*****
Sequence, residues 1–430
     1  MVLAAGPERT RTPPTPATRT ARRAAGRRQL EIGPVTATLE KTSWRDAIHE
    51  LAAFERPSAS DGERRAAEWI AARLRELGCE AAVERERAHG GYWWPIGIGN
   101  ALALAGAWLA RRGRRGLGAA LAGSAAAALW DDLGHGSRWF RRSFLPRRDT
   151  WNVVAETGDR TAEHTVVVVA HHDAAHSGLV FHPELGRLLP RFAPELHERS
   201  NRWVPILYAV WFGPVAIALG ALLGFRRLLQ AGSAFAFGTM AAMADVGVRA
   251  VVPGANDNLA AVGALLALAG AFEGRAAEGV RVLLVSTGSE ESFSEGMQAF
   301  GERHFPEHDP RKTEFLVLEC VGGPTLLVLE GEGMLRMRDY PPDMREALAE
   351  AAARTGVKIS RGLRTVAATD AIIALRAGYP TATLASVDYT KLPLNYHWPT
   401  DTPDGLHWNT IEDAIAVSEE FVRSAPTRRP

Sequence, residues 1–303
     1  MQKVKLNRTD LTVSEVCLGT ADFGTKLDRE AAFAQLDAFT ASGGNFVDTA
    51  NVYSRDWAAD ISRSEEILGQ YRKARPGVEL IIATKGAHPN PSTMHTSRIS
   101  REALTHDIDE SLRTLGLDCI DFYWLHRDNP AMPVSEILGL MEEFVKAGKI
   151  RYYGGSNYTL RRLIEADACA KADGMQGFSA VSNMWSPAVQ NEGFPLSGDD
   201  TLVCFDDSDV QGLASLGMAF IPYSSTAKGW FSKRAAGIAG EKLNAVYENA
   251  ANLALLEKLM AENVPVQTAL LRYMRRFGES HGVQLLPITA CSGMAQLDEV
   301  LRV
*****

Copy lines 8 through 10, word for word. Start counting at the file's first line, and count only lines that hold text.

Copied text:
   301  GERHFPEHDP RKTEFLVLEC VGGPTLLVLE GEGMLRMRDY PPDMREALAE
   351  AAARTGVKIS RGLRTVAATD AIIALRAGYP TATLASVDYT KLPLNYHWPT
   401  DTPDGLHWNT IEDAIAVSEE FVRSAPTRRP